I thought it would be a nice touch to the story if I included Nell Gwynne. In my story, she would have been somewhat younger than Sarah. So when this one comes to London, Nell is only a girl of fifteen and not yet an actress. She is involved with Charles Hart though (in the 16th century, a young woman of 13 was fit to marry and have children) and wants to become an actress. So she and Sarah could easily have been friends. Nell is more worldly, but she admires Sarah because she is how she once wanted to be.
5. Sarah does not recognize the nature of Walter’s true feelings for her until he is near death. Why does she remain blind to him for so long? Does she marry for pity, guilt, or security? At what point does Walter himself acknowledge his feelings for Sarah and why does he not press his suit earlier?
Sarah sees in Walter the father she is looking for. Amos Jennings never showed any love for her, while Walter is genuinely interested in everything she does. She interprets his kindness to her for just that, and doesn’t suspect he falls in love with her. When he finally confesses his love, she regrets not having it seen earlier on, because she knows he also would have made her happy. She does not only marry him out of pity, because she has strong feelings for him and she thinks Richard has deserted her.
6. Do you have plans for a new book detailing how Sarah and Richard’s lives change given their new titles and status? Can you reveal anything about it to your readers?
Right now, I don’t have any plans for another novel in which the Duke and Duchess of Linfield play a part. Once I thought I could write a book about Charlie, their daughter. Perhaps I’ll write it in the future, I don’t know. I’m working on an entirely other novel at the moment, set in the 19th century.
AUTHOR Bio and Links:
Nickie Fleming was born and raised in the historical town of Dendermonde, Belgium – home of the legendary Horse Bayard. She read English Literature at the University of Ghent, and got her master’s degree in philology. Since then, she has been working as a high school teacher. Her interests besides reading and writing are travelling, skiing in winter and enjoying fine food.
Links: Website: www.nickiefleming.comFacebook: http://www.facebook.com/#!/pages/Nickie-Fleming/222668744458949
Romantic Historical Fiction
Heat Level : 2
Reviewer Rating: 3.5 stars
REVIEWED BY SAMANTHA
In The Gold Crucifix, author Nickie Fleming captures the rolicking fun of Restoration England after years of moral uprightness and oppression during the Puritanical rule of Oliver Cromwell and his followers. Young Sarah Jennings is growing up in this time after the return of Charles II to England. As a young girl, she captures the heart of Walter Carey, Earl of Linfield and becomes housekeeper of his estates. When Walter’s brother Richard comes to visit, the chemistry between them is undeniable and the situation quickly escalates beyond her control. After having too much to drink at dinner on the eve of Richard’s departure, Sarah finds herself in his bed the following morning. Richard gruffly proposes that Sarah become his mistress when he returns from his merchant travels at sea, but her pride keeps any such notion from taking root in her mind. Ashamed of her actions and her own status as a bastard who has no idea who her father might be, Sarah flees to start a new life in London.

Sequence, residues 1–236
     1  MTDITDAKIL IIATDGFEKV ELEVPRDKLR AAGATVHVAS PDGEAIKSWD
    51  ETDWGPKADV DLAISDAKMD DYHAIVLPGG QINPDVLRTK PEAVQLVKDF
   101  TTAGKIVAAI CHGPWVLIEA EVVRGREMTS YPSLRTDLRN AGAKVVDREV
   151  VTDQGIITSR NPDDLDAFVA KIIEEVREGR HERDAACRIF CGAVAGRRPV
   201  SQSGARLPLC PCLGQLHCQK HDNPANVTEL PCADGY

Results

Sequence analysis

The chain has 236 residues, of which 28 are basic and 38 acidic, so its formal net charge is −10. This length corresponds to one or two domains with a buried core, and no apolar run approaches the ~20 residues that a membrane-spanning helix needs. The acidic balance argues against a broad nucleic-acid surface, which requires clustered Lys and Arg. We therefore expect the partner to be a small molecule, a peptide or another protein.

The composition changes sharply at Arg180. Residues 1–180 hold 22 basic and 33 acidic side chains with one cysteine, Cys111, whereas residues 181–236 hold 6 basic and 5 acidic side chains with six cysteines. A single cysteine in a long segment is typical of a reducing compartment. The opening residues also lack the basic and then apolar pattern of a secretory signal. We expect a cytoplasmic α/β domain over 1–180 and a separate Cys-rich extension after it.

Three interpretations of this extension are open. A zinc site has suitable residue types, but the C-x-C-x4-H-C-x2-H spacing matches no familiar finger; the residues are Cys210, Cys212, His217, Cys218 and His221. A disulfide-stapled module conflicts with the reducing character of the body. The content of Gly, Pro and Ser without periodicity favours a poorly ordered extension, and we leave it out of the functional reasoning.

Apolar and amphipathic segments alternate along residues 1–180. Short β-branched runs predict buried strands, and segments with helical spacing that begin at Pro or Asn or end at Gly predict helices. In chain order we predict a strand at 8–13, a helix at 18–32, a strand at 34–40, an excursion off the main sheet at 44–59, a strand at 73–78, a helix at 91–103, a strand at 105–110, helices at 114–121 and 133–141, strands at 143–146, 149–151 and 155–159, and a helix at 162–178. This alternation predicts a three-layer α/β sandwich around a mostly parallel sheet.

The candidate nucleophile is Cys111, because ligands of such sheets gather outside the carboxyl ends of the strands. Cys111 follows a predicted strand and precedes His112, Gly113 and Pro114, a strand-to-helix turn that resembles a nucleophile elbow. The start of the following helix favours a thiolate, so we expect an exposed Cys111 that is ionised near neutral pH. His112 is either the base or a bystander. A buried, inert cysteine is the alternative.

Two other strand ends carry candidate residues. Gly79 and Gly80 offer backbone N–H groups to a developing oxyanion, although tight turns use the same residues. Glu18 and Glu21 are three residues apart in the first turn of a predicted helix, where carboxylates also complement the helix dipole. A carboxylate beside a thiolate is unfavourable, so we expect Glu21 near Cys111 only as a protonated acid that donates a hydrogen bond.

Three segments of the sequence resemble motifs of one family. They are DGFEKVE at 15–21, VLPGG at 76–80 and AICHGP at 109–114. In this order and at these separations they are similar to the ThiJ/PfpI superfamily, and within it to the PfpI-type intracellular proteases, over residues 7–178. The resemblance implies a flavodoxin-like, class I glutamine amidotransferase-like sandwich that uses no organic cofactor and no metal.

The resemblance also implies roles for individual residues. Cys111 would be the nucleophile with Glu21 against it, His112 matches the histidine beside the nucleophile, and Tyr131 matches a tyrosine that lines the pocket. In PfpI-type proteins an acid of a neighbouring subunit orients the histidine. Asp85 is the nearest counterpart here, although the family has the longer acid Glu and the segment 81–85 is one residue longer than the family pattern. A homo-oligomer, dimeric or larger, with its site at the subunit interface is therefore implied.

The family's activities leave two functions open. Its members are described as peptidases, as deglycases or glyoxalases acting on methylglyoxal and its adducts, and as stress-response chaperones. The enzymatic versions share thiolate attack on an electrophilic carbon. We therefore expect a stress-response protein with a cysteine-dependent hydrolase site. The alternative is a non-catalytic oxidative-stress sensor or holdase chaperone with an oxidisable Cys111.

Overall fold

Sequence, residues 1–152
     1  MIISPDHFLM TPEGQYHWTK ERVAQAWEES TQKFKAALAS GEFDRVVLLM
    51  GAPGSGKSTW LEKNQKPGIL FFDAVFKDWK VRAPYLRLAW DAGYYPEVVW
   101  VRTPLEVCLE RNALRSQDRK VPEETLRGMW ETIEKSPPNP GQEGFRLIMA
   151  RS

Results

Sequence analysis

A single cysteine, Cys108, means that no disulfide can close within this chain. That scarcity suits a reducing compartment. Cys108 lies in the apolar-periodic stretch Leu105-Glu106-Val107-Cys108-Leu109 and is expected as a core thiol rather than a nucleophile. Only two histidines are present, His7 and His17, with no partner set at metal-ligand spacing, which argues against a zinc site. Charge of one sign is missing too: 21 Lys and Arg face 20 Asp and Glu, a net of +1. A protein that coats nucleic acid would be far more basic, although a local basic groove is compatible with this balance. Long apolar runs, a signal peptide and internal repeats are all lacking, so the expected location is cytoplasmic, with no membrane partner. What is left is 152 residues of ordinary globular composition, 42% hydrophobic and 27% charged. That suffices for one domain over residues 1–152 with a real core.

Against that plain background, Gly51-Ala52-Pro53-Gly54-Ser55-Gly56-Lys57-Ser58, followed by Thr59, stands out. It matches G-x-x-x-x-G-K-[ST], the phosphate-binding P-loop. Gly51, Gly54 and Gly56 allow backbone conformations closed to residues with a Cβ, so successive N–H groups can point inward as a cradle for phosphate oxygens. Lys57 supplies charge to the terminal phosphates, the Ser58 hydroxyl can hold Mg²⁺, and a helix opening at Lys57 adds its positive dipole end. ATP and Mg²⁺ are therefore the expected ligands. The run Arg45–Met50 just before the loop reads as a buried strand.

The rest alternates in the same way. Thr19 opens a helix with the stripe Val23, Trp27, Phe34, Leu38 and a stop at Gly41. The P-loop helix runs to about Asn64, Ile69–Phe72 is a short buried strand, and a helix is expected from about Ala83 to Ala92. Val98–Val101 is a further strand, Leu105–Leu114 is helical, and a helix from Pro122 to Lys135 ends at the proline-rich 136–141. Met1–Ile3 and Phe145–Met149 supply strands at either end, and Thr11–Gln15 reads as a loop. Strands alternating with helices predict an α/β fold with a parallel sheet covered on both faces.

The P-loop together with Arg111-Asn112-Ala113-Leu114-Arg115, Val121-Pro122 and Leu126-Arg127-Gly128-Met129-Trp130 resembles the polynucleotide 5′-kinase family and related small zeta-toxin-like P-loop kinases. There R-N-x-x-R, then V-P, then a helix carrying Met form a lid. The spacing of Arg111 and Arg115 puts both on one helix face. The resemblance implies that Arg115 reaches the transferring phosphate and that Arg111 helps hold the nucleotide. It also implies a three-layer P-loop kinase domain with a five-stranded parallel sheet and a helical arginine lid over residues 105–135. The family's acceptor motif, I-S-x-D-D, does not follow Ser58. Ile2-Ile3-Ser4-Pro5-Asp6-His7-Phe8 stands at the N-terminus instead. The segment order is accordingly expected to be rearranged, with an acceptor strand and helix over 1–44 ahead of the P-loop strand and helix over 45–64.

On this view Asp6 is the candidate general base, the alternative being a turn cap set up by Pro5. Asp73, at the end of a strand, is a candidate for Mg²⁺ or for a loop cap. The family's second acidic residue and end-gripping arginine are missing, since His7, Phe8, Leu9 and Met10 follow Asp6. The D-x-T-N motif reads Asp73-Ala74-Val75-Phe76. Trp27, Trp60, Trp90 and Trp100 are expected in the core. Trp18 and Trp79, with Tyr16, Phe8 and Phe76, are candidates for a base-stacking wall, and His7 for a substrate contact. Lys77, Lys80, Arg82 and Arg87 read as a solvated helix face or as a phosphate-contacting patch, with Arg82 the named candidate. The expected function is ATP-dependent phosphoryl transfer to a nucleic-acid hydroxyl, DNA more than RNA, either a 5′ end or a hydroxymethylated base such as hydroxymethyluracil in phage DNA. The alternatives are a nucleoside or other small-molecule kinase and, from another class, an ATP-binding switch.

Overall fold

Recalling her prior experience at her stepfather’s inn and tavern, Sarah quickly finds a job as a waitress in London. One of her customers happens to be Charles Hart, the preeminent actor in London’s theater community. He recruits Sarah to work as an actress in his company. There, she coincidentally encounters Richard Carey after a performance one day as he was escorting a young woman home. Both his and Walter’s efforts to locate Sarah had gone unrewarded for months, so naturally he was stunned to just run into her. After apologizing for his treatment of Sarah, they begin to build a friendship that promises to become something more, but Richard’s fear of commitment, the call of the seas and adventure and his jealousy stand in the way. As they attempt to overcome these obstacles, other crises challenge them, including Sarah’s low birth and her budding friendship with none other than the King!
This book has a lively plot and interesting love story, but I found that as the plot advances, I found that there were too many “convenient” elements for my taste. I don’t want to spoil the book for anyone, so let’s just say that the causes of Sarah’s rise in society seem unlikely at best, and the manner of in which she learns of her own identity and parentage nearly an impossibility. That said, when reading romantic historical fiction, the expectation of realism should be somewhat suspended and these kinds of advancements in the plot acceptable. Fleming paints a vivid portrait of life in Restoration England, in particular among the theater community and the nobility. The love story between Richard and Sarah takes many unexpected twists and turns, and the love between Sarah and Walter is deep and abiding, but ultimately rendered tragic not only by Walter’s illness, but also by Sarah’s inability to recognize it until the very end of his life. Through both of these main story lines, as well as the evolution of Richard and Walter’s relationship as brothers and Sarah and Nellie’s as friends, Fleming takes the reader through both the joy and sorrow of the different kinds of love we share with those in our life.
This novel is a well-written quick read. Those who enjoy works about Restoration England and the height of English theater will enjoy this book, but I think those who seek an introduction to the time period in particular will find this book to their liking.
**At time of review the digital version of this title is available for $4.99 **